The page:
On Writing and Being Written / Sur l’écriture

On écrit, on est écrit. I have too many disparate research projects, large and small. While all are interesting, I need to prune my research tree by foregrounding, backgrounding, and prioritizing – not only the projects, but the subfields and interests themselves. I have been trying to feel my way toward a long-term project – which one? Or, if there are two, can they be staggered and dovetailed in some way?

The reason I have so many projects is that I tend to automatically ignore my first choice, assuming that an authority will prohibit it. I then have difficulty navigating among my many, admittedly attractive second and third choices. I have just realized what the next long-term project should probably be: the dissertation I did not write.

Because my dissertation director, for reasons best known to herself, had the distressing habit of calling me lazy, I chose a topic when she said I should – one I had conceived of some years before. My own plan had been to meditate three more months and allow the true topic to emerge, as I knew it would. I was in touch with myself then, and had some confidence, although not enough to overcome her lack of it.

Three months later the topic did come to me, but I had already committed to something else. I could have changed, but I had already been told I lacked commitment and I did not want to hear it again. I knew, though, that I was writing to my academic past, not to my future.

The practical response to this situation would be, “It is wonderful, then, that you already know the topic of your next project.” But this project was in a very different subfield from that of my dissertation. By the time I could begin it, I had been hired to work in the field of my dissertation. The more liberal members of my department would not have opposed my undertaking the other project in addition to my regular research work, but the more cautious were prepared to vote against the tenure of anyone who ventured beyond the occasional out of field article.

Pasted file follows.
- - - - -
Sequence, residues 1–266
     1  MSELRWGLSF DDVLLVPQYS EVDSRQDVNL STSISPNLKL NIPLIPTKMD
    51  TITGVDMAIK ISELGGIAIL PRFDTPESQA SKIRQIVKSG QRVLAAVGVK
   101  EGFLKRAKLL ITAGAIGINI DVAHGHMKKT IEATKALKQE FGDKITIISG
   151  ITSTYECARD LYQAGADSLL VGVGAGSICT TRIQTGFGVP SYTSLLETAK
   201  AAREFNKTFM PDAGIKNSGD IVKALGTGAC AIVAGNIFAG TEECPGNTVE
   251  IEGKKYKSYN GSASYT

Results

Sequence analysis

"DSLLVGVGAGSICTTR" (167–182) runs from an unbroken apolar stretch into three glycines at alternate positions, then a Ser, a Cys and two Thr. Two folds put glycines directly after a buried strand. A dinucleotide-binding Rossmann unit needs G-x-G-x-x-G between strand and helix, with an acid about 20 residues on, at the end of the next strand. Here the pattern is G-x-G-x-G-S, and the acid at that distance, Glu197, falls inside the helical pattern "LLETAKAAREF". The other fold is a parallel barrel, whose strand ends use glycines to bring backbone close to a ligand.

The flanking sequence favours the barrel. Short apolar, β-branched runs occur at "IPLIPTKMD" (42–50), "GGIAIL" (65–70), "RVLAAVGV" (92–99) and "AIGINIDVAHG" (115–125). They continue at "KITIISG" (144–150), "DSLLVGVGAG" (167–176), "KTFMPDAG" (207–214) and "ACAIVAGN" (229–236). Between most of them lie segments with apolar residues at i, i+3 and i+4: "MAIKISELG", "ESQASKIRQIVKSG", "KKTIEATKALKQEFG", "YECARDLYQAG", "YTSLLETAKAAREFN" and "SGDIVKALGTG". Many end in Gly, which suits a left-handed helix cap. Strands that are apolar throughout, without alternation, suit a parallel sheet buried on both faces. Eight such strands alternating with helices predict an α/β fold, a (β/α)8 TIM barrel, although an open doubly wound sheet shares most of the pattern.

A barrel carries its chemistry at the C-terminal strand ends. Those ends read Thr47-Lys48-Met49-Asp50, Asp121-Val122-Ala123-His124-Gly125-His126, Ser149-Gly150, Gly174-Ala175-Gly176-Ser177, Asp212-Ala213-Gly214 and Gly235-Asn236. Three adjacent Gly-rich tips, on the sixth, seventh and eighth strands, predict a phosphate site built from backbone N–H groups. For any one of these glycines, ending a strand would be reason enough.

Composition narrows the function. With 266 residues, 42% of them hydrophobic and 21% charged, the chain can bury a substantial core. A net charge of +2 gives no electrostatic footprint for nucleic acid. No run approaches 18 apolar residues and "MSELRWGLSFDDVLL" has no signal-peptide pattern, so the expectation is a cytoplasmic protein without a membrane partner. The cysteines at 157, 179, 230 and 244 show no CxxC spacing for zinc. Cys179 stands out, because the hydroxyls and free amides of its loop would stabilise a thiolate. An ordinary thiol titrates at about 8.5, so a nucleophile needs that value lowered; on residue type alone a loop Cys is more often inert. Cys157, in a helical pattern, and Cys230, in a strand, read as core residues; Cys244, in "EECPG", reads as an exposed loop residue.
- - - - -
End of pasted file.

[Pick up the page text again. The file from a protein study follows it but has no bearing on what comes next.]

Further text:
The operative assumption here was that nobody could be sufficiently competent in both of these subfields. This, of course, was not true. It was like saying nobody could speak both Spanish and French, or read both Latin and Greek. But it was the authoritative belief, which is to say it was the position from which files would be evaluated and decisions would be made.

I took the recommended path, which then led yet further in other directions, and events accumulated. In addition, I like my official subfield, and there is much in it still to be done. And yet, when I read scholarly work for recreational purposes, it is always in the subfield of that dissertation I never wrote.

It may be time to write it. Our reading today, therefore, is Geoffrey Philp’s Top Ten Things Writers Should Know. It begins like this: “Whether you have chosen the word or the word has chosen you, the vocation of writing is about creating a self, and this will mean cultivating a set of values that will guide your work. And I mean YOUR work and YOUR values.” Read it and be happy, for it speaks truly.

Axé.

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4 Responses to On Writing and Being Written / Sur l’écriture

  1. Pingback: News Flash / One More Thing « Professor Zero

  2. Professor Z,

    Thank you for the link. I don’t know if you know this, but I am about six credits shy of a Ph.D in English, but then I stopped and never went back. The thought of going back now brings chills and body aches and all kinds of nightmares.

    I don’t think I could sit through another lecture. Life is too short and too precious and I’m having too much fun doing things like this.

    So, alas, I may never be Dr. Philp. And Professor P. or Dr. P. is just ridiculous.

    Blessings,
    Geoffrey

  3. profacero says:

    Six credits? Plus the exam and the dissertation? Well – if you actually needed the degree for some reason, I could figure out a way to design those activities in such a way as not to have them bring on body aches. The strategy would be to recycle a lot of the material you’ve produced since you left your program. Six credits of independent study – you write some things, as you do now, or expand some things you have already written. Then the exam – which you’re already prepared for, you read a lot. Put authors you are currently reading / have recently read on the list, make Caribbean literature one concentration and rhet.-comp., which you work in and know about, another. Get your next novel counted as the dissertation (claim a creative writing concentration, and write a critical introduction to it).

    However: you’ve got a job! You’re having fun! Who wants a dusty old Ph.D. when you’re already launched into an interesting professional , intellectual and creative life?

  4. Z!

    One of these days when I give up this day job, I may just do that!

    Blessings,
    Geoffrey

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